The first year great, but after that first year $95 granule feet kicks in, and then you would have to be a big spender in that dining entertainment category to make it better than capital ones savor one card, that doesn't have the annual fee now. I personally actually have the saver card because I wanted to go after that bonus, so that was very attractive to me.

How to get short-term benefits

But I got it not very long ago, and so when my one year anniversary comes up there's going to be a decision for me, I am probably going to go to Capital One and say you need to waive that annual fee for me and if they don't then I'll probably cancel the card. That's part of the process when you look at credit cards.

If I'm going to get something for the short-term benefits what am I going to do when that year is up? If I don't want to pay the annual fee they allow me to have another card or they waive that annual fee. What is the situation going to be for me?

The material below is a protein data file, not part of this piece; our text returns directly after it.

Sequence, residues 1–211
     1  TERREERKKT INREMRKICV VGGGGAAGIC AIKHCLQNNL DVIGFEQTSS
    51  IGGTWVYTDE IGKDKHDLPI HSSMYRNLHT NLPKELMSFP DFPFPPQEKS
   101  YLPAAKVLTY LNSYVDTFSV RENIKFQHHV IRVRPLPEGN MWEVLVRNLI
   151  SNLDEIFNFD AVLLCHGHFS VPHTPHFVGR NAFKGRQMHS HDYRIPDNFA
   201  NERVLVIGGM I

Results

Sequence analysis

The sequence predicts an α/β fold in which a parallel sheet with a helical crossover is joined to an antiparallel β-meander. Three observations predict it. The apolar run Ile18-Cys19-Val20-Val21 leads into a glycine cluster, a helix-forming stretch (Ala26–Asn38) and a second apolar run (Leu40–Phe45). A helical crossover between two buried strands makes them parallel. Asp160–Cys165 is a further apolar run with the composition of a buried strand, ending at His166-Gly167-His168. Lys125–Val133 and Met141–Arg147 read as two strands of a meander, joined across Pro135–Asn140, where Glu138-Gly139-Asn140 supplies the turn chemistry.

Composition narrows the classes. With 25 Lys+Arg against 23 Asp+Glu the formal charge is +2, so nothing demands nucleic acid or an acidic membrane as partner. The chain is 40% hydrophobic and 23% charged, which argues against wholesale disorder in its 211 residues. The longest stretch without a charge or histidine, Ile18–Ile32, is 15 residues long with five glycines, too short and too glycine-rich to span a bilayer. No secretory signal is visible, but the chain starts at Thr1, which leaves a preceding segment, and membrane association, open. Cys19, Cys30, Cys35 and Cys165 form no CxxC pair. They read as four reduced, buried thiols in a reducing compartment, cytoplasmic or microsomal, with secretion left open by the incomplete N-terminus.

I may have that card for a year and then it may just go away and I may not have the capital one card at all if they won't waive the fee or product change me to a different card. Anyway, either way, the saver cards I would say are the best of what Capital One offers, either way, that you go now looking at the market.

In general, the Uber visa is a card that offers you four percent on dining with no annual fees, so if you were looking at that four percent in particular on dining as being an attractive thing that's another card that you might go after instead. But these are pretty decent cards, and the best of what Capital One has now.

The venture one card

Number two is another situation where it's sort of an either/or with that short term versus that long term thinking, and that is the capital one venture rewards card or the venture one card. Now the venture rewards card has no annual fee in the first year, and then a $95.

And you'll see the same way as that saver card worked. It is a card that gives you two miles per dollar on every two miles for every dollar that you make in purchases.